Sunday, 23 December 2012

Christmas Dinner (la cena navideña): in defense of turkey

I hadn't planned on doing another new post until 2013, but I was inspired to write this after watching River Cottage Christmas Fayre, starring Hugh Fearnley-Whittingstall.

(I see he used ye olde Englishe spelling, despite knowing nothing about Old English. And fayre would be Middle English anyway.)

My beef is with how Hugh and his army of effeminate Aga-loving country fudruckers decry the Christmas turkey as "an American intruder".

Yes, turkey is "American", but not in the sense of "United States" (by which Hugh means "How dare another country have people in it who are wealthier than I am? A pox on them!").

Turkey is "North American" food, and it's an important part of Mexican cuisine.

Chicken is the most commonly eaten bird in modern Mexico, but it was introduced by the Spanish.

When the Spanish first arrived, they found turkey was the long-established culinary bird of choice.

Today it features in Mexico's national dish, guajalote en mole (turkey in mole sauce), which will be eaten in Christmas dinners throughout the republic.

In fact, as the Spanish conquest of Mexico comes about 100 years before the landing at Plymouth Rock, we might say turkey is first and foremost Mexican food.

Of course, our Christmas-style roasting has nothing to do with Mexico. In fact, the Castilian Spanish word for "roast" (asar) means something very different in the Mexican kitchen.

But the fact remains that when you eat turkey, you are partaking of Mexico's long and infinitely varied culinary history.

That's why turkey will always have a place on my Christmas table.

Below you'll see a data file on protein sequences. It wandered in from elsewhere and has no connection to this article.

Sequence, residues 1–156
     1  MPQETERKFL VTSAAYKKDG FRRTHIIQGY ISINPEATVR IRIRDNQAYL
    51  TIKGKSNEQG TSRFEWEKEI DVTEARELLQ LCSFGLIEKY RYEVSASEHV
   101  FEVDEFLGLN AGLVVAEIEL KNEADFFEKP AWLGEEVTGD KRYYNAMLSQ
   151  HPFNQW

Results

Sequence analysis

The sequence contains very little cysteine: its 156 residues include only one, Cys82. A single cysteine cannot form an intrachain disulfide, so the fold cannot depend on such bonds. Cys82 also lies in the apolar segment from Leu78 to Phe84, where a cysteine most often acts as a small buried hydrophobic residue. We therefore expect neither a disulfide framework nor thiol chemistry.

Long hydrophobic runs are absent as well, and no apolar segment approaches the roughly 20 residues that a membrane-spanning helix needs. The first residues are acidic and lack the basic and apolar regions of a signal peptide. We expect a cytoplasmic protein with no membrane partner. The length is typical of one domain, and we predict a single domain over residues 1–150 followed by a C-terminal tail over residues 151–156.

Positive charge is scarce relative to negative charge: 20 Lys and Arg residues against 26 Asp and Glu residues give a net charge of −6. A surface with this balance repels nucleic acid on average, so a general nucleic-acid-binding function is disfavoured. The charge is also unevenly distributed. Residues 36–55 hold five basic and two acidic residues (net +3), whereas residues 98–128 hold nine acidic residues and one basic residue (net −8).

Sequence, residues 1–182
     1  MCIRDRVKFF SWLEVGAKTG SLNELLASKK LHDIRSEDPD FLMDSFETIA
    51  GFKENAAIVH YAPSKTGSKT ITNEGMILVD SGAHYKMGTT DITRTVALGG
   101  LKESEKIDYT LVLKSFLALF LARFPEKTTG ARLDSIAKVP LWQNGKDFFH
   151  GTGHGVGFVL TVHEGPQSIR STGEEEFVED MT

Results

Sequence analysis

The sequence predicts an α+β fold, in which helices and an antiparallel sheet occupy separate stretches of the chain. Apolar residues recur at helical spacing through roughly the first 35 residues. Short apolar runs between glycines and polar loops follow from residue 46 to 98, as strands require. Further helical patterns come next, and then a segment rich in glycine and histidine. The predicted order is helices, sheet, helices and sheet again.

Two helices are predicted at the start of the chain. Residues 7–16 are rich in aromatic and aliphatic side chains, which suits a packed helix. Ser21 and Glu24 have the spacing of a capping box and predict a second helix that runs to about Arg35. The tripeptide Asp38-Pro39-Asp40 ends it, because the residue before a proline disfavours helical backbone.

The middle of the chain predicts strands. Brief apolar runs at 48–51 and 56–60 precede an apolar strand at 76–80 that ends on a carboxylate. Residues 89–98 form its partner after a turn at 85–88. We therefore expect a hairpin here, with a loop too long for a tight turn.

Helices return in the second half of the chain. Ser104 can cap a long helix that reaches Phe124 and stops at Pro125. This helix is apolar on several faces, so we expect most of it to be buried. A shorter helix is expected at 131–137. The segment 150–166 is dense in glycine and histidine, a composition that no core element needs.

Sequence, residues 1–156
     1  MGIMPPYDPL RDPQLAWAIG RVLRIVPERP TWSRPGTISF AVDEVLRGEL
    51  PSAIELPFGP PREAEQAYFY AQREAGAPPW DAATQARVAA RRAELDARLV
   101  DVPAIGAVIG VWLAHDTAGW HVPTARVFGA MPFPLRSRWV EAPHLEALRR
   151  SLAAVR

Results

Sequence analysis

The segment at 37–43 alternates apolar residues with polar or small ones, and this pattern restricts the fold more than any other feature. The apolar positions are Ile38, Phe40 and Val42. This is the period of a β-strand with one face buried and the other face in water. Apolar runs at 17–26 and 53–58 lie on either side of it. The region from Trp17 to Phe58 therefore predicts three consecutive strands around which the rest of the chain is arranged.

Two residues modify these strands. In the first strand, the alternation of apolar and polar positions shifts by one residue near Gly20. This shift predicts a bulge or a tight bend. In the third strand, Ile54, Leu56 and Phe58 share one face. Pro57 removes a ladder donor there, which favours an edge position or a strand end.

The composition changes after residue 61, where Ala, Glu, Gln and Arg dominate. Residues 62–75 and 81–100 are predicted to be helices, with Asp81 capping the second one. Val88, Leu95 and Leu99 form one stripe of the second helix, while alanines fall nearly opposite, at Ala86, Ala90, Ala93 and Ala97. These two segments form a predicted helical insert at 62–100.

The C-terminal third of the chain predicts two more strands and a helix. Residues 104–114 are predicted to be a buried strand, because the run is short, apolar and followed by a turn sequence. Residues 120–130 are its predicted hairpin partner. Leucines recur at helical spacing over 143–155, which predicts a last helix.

¡Feliz navidad!

Tuesday, 11 December 2012

Nuestra Señora de Guadalupe and Christmas break

Today is the feast of Our Lady of Guadalupe, Mexico's patron saint.

Mexico actually has one of the most appropriate patron saints of any nation.

The story goes that, not long after Spain took control of what is now Mexico, a priest was walking from his village to Mexico City.

A young girl appeared on a hill and asked him in Nahuatl (the language of the Aztecs) to build a church on that spot.

According to the Catholic Church, this young Nauhatl-speaking girl was an apparition of the Virgin Mary, and is now known as Our Lady of Guadalupe.

There is still a church on that site, by the way, but it's quite old now, so they built a new one on the other side of the square.

Anyway, I thought this would be a good time to announce MexiGeek's Christmas plans.

I'll be winding down on posts until after New Year, but I plan to complete some of the redesigns I've been meaning to do for a while, including my reviews of US cookbooks and a list of Mexican food resources.

Because they were so poplar last year I will be reposting links to my series on mole poblano over the Christmas holiday, just so you don't forget about me.

For this year's Christmas cooking project, however, I will be making sweet tamales and champurrado.

Sweet tamales, of course, are just tamales that are sweet. But the champurrado will be a completely new experience for me.